Demolition to start at Dublin flats complex


DEMOLITION OF one of Dublin’s most neglected flats complexes is to begin more than three years after regeneration plans were abandoned.

City councillors last night approved plans for the demolition of two housing blocks at St Teresa’s Gardens in Dolphin’s Barn in the south inner city which no longer have tenants and are in poor condition.

The 1950s complex of 16 blocks of flats is now in an advanced stage of decay with persistent sewerage and damp problems. The estate has also been blighted with drugs and criminal activity.

The blocks to be demolished were “very badly damaged” and sources of “anti-social behaviour”, executive manager with Dublin City Councils housing services Peter Ayton said at last night’s council meeting.

This would be the first phase of the area’s redevelopment, he said. The council would show residents new drawings for the area but it would be a while before the full master plan was ready, he said.

The council last March submitted regeneration proposals to the Department of the Environment and is now in discussions with the department over the options for the estate.

The plans centre around the demolition of most of the flat blocks and their replacement with a smaller number of social housing units. A formal master plan for the lands will have to be submitted to the department before funding is committed.

Sinn Féin councillor Críona Ní Dhálaigh said unfortunately it was only a “very small phase of what was to be a big regeneration plan”.

She urged the city manager to put pressure on the Minister for the Environment about releasing the funding for the first phase of the regeneration. The conditions at St Teresa’s Gardens were “unacceptable”, she said.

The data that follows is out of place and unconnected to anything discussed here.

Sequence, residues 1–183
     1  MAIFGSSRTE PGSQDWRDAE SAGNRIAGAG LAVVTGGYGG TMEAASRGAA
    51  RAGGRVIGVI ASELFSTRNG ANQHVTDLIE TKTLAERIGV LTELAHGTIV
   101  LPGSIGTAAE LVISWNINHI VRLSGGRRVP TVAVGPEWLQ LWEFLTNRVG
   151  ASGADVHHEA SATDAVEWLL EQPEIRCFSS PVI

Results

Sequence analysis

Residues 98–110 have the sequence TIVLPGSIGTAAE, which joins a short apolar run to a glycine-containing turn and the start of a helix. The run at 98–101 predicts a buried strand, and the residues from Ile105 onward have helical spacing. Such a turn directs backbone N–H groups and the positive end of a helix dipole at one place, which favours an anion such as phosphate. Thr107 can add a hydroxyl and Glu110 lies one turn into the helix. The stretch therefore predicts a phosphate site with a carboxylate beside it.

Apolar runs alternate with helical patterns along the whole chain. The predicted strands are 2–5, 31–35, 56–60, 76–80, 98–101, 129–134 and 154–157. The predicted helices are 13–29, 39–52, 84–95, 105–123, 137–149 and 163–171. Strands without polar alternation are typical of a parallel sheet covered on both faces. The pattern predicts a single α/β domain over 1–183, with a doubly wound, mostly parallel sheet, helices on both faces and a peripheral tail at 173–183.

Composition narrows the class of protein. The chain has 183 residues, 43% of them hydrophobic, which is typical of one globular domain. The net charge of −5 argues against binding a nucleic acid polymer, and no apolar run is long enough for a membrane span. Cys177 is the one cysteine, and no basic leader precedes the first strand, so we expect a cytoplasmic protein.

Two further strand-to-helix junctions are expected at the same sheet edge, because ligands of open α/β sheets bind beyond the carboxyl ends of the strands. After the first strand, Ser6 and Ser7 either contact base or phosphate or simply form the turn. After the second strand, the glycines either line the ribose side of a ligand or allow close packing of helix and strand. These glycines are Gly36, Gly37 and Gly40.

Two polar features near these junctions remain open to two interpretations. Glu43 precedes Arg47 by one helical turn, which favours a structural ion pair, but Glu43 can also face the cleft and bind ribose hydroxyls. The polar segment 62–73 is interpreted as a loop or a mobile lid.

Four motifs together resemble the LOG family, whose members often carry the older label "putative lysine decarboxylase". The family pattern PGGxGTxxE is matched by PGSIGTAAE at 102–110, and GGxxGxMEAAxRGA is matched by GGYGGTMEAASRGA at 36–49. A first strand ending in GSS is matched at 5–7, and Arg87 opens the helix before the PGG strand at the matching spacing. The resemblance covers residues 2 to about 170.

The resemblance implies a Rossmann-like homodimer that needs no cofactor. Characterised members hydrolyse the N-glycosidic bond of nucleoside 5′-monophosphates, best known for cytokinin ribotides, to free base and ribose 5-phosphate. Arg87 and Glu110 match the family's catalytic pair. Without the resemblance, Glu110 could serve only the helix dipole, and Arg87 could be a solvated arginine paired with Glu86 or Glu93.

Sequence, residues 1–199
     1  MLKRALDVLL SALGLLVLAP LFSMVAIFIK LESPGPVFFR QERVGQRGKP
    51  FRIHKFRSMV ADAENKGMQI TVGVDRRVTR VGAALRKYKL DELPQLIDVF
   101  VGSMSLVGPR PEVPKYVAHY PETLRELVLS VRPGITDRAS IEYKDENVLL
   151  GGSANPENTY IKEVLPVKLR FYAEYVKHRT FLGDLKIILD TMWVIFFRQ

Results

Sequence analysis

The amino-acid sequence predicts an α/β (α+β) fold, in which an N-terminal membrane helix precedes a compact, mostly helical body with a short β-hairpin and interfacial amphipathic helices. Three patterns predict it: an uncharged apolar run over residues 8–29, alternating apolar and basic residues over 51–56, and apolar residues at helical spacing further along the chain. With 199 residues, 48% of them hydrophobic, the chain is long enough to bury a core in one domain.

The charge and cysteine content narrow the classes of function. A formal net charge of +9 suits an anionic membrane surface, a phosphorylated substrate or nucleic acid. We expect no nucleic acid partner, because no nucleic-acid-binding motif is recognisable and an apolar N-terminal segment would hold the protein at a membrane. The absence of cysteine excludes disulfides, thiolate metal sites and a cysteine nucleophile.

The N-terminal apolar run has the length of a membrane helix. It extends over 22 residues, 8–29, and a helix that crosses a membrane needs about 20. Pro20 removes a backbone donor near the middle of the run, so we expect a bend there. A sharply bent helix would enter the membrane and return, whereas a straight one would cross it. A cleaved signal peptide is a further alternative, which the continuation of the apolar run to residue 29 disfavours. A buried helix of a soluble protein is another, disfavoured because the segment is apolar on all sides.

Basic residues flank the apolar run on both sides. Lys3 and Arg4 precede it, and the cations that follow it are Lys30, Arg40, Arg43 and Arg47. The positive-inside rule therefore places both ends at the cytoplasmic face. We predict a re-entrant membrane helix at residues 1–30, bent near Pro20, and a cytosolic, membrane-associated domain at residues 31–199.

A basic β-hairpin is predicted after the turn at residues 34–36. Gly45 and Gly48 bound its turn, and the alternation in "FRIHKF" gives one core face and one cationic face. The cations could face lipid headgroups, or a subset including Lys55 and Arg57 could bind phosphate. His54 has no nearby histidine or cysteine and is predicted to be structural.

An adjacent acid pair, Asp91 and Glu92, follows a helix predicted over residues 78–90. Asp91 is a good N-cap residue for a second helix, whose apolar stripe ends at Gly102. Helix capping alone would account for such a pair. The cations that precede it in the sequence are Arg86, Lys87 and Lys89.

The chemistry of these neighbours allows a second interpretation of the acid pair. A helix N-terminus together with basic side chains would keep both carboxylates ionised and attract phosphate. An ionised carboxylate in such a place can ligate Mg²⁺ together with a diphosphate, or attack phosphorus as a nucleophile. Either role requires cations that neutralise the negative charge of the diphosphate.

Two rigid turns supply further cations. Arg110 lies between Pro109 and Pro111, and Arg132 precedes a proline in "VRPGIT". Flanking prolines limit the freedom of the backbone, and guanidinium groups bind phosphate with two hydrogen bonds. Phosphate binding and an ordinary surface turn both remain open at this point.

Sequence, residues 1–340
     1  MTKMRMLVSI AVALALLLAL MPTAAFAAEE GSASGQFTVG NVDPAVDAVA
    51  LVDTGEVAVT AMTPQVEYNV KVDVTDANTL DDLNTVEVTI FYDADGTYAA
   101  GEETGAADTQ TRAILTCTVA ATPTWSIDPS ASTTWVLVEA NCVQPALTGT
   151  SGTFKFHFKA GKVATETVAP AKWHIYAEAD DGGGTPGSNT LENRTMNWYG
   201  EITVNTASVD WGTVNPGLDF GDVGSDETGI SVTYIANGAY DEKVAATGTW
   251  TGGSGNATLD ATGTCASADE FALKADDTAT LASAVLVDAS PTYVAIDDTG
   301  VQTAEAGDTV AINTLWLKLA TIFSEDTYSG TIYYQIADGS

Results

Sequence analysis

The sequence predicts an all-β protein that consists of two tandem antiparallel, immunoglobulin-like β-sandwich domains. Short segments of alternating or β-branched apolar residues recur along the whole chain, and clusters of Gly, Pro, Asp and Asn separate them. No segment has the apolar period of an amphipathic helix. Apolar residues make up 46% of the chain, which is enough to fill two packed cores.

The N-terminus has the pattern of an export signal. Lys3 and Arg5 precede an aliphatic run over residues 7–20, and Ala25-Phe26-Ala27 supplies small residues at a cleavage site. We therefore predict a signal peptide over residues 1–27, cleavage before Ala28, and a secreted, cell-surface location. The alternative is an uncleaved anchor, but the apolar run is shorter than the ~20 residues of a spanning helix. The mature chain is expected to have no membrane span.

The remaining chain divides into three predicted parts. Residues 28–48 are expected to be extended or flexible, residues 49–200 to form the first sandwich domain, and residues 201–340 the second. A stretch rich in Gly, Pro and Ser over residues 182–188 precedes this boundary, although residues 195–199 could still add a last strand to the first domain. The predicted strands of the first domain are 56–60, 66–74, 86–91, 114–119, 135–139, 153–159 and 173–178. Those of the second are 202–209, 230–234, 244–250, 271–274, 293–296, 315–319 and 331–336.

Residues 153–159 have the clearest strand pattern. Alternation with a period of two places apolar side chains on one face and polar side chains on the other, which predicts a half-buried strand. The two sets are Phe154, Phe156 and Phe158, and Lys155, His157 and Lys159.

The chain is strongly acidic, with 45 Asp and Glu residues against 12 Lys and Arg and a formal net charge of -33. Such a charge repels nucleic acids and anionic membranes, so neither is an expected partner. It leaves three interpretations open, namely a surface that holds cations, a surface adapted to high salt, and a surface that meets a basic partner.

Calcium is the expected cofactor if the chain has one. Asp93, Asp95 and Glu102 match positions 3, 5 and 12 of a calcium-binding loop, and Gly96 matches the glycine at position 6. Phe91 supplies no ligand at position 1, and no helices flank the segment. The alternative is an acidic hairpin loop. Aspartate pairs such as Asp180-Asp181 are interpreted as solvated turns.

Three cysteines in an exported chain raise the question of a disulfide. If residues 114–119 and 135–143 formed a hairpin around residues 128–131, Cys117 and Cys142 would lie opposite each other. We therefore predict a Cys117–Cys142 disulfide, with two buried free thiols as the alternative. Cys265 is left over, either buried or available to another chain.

The complex was to have been demolished and replaced with 300 social and affordable units, 300 private apartments, retail and commercial units, and community buildings.

A regeneration board for the work was established in December 2005 and spent several years working on a master plan for the redevelopment.

The council put the project out to tender as a public private partnership (PPP) and in 2008 selected four preferred bidders who were to present designs for the development.

The subsequent collapse of five similar flat regeneration schemes, due to have been built by developer Bernard McNamara, put the St Teresa’s Gardens regeneration in doubt, but three bidders remained in the running until mid-2009 to rebuild the estate.

However, by the end of the summer of that year, it had become clear the project as envisaged was not going to progress and the council announced that the PPP plans were to be abandoned.

Conditions in the estate, which is beside the Coombe maternity hospital, worsened following the collapse of the regeneration plan.

A maintenance survey conducted by the estate’s regeneration board in 2010 identified serious structural and maintenance problems, including sewage in baths and sinks, flooding and vermin infestations. Rats were reported in nine blocks of flats.

Most of the flats in the estate are in blocks of four storeys, but the two blocks earmarked for demolition are two storeys in height. These units have been vacant for some time and are described as “derelict” by the council.